Electrician, in a blue shirt and hard hat, using an unsulated screwdriver to install a dimmer switch

2. Read Customer Reviews

Just because an electrician is licensed doesn’t mean they'll always be the perfect fit for your job. Lucky for you, it’s never been easier to read customer reviews about the professional electrician you’re thinking of hiring.

Usually, a simple Google search will yield several informal, starred customer reviews for any number of electricians in your area. Online customer review platforms like Angie’s List and Yelp can also provide a more comprehensive catalog of customer reviews that should prove helpful in finding a professional electrician. Reading online customer reviews can help answer questions about the quality of an electrician’s work and might even help you save money, as these reviews often include details about how much you should expect to pay for electrical services.

If you want to take it a step further, you can simply ask the professional electrician for a list of references. A reputable electrician should generally be able to provide you with a reference or two for you to contact. References should be able to speak to an electrician’s reliability and professionalism. They might be able to also provide insight into a professional electrician’s experience performing the specific job you’re looking to complete.

3. Consider More Than Just the Hourly Rate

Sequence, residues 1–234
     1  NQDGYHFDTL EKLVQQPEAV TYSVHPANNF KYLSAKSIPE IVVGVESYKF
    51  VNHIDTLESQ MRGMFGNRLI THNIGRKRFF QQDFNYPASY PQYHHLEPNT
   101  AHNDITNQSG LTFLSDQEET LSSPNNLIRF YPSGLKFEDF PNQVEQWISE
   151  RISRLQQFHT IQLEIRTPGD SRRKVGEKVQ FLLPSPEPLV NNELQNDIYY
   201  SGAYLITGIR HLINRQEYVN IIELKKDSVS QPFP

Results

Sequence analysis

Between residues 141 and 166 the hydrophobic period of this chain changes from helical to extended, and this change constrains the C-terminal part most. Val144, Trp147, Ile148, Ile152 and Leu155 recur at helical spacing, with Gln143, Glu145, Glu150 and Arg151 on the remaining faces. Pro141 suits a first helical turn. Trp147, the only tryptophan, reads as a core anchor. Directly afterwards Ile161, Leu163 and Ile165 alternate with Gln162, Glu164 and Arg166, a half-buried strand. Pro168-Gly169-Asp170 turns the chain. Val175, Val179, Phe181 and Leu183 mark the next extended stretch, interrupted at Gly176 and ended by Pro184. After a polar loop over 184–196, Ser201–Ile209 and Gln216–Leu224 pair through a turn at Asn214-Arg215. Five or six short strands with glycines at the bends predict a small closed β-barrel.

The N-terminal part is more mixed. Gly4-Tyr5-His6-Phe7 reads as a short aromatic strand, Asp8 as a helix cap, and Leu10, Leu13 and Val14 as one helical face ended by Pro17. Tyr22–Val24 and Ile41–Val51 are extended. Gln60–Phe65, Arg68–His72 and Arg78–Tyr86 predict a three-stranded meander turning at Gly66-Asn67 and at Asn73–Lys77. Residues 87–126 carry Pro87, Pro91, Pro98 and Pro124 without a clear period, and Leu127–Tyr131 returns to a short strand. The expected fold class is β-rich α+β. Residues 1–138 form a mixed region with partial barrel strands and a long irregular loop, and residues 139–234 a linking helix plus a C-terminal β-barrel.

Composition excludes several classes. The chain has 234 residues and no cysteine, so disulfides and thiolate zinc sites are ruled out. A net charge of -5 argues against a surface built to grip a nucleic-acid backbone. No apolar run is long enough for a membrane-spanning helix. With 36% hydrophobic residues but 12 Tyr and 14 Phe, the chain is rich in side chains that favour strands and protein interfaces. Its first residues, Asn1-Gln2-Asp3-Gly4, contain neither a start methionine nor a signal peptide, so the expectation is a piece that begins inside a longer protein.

Although there are a number of factors that come into play that affect how much an electrician will charge you, cost is usually calculated using the following criteria:

  • Distance
  • Complexity
  • Experience

For larger, more complicated electrical work, spending extra up front for a master electrician might actually help you save money in the long run. A master electrician has been tested extensively, and must display a deep knowledge and comprehension of electrical systems, theory and safety codes. They may charge more per hour, but you can rest easy knowing they'll do the job right, limiting the chances that you’ll have to hire anyone else to go back and fix mistakes. What’s more, a master electrician is more than likely experienced enough to tackle even the most difficult home electrical issues. If you have a problem, chances are they'll know how to fix it.

A licensed electrician will generally charge an hourly rate of $50 to $100, but it depends on a number of additional factors, including the market in which your house is located. Contractors in urban areas generally charge more than those in rural spots. This hourly rate doesn't usually include parts and materials, or any additional travel fees.